Treasury Department Issues Proposed Regulations Limiting Valuation Discounts on Transfers of Interests in Family-Controlled Entities
On August 2, 2016, the U.S. Treasury Department released proposed regulations under Section 2704 of the Internal Revenue Code of 1986, as amended. If adopted in their current form, the proposed regulations would significantly reduce or eliminate valuation discounts for estate, gift and generationskipping transfer (GST) tax purposes on transfers of interests in family-controlled entities. The new rules generally would become effective only after they are adopted as final regulations, which is expected to occur perhaps as early as the first quarter of 2017.
The use of a family-controlled entity such as a family limited partnership (FLP) to hold, manage and control family assets has long been a popular estate planning tool because of the potential to transfer interests in the FLP to family members at a reduced transfer tax cost using valuation discounts. Under general valuation principles, a minority interest or lack of control discount reflects limitations on a minority owner’s ability to participate in the management of the entity, to withdraw from the entity or to compel a distribution or redemption with respect to the minority owner’s interest. An illiquidity or lack of marketability discount reflects the absence of a readily available market, which limits the owner’s ability to monetize the investment.
Section 2704 was enacted in 1990 to limit valuation discounts on intra-family transfers of family-controlled interests, and the current regulations thereunder were adopted in 1992. The notice announcing the proposed new regulations states that “the Treasury Department and the Internal Revenue Service have determined that the current regulations have been rendered substantially ineffective in implementing the purpose and intent of the statute,” citing judicial decisions limiting the scope of Section 2704, revisions to state statutes that enhanced an exception to the application of Section 2704, and the use of planning techniques that effectively permitted taxpayers to avoid application of the rules. The proposed regulations would implement the provisions of a legislative proposal that was included in the Obama administration’s annual budget for a number of years but was never introduced as legislation.
The proposed regulations include new rules that would:
- Introduce a new category of restrictions (“disregarded restrictions”) on interests in familycontrolled entities that would be disregarded for transfer tax valuation purposes, including provisions that (i) limit the ability of the holder of an interest to liquidate such interest, (ii) limit the liquidation proceeds to less than a “minimum value,” (iii) permit the payment of the liquidation proceeds other than in cash or property (except for certain qualifying notes), or (iv) defer the payment of the liquidation proceeds for more than six months;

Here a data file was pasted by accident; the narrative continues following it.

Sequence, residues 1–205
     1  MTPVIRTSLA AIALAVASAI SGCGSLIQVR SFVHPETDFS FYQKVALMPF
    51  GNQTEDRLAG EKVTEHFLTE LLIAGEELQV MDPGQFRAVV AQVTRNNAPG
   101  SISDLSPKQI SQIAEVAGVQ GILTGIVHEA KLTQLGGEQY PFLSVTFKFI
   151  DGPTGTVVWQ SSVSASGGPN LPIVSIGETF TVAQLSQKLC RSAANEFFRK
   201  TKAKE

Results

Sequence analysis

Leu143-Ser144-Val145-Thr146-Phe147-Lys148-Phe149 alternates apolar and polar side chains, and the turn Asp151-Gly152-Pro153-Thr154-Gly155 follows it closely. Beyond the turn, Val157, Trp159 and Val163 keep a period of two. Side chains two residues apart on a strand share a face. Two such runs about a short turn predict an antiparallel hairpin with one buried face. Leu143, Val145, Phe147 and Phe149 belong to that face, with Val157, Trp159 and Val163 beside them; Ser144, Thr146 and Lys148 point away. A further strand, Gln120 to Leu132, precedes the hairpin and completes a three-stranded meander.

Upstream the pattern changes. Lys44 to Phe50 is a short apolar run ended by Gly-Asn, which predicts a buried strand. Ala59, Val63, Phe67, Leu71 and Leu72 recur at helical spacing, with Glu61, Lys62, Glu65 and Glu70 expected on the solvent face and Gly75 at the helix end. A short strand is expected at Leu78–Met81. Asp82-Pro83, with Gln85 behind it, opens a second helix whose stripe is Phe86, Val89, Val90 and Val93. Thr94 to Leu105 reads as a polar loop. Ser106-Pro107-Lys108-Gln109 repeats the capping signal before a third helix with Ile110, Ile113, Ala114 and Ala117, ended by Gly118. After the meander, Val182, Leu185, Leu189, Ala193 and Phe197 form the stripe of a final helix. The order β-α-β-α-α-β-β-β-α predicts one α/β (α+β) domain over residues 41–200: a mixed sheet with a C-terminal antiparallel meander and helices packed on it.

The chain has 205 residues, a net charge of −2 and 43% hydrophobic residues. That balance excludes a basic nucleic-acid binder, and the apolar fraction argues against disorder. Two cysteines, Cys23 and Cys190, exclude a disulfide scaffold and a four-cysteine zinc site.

- Effectively eliminate the statutory exception from the application of Section 2704 for restrictions that are imposed under federal or state law;
- Prevent taxpayers from avoiding the application of Section 2704 by having a non-family member, such as a charity or an employee, own a nominal blocking interest in the family-controlled entity; and
- Treat the assignment of a partnership interest to an assignee who does not have the rights of a partner as a lapse of such rights that is a taxable transfer for estate, gift and GST purposes.
The proposed regulations would apply to both passive investment entities, as well as to active operating entities.
The following example in the proposed regulations illustrates the impact of the new rules. Assume a parent makes a gift of an interest in an FLP to a child. The partnership agreement of the FLP provides that the partnership may be liquidated only upon the unanimous consent of all partners, and does not permit withdrawals by limited partners. The prohibition on withdrawals would be considered a “disregarded restriction” because it imposes a restriction on the ability of the partner to compel a liquidation of the partner’s interest and the restriction is not mandated by federal or state law. Accordingly, because family members could remove the restriction after the transfer, the interest must be valued without taking into account the provision in the partnership agreement that prevents the partner from compelling a liquidation or redemption of the interest. This has the effect of disallowing any discount for minority interest or lack of control and also would appear to reduce or eliminate a discount for illiquidity or lack of marketability to the extent the underlying assets of the partnership are marketable.
There is a 90-day public comment period for the proposed regulations and a public hearing is scheduled for December 1, 2016. With limited exceptions, the new regulations would be effective no earlier than the date of publication of a Treasury decision adopting these rules as final regulations in the Federal Register, which could be as early as the first quarter of 2017. The most significant provision of the proposed regulations – the introduction of so-called “disregarded restrictions” – would be effective no earlier than 30 days after the publication of the final regulations.
The proposed regulations, if adopted in their current form, are expected to be challenged by taxpayers as going beyond what was intended by Congress in enacting Section 2704. It is unclear to what extent such a challenge would be successful. Accordingly, it would be prudent for clients who are considering transferring interests in their family-controlled entities to do so as soon as possible and, in any event, before the adoption of the final regulations.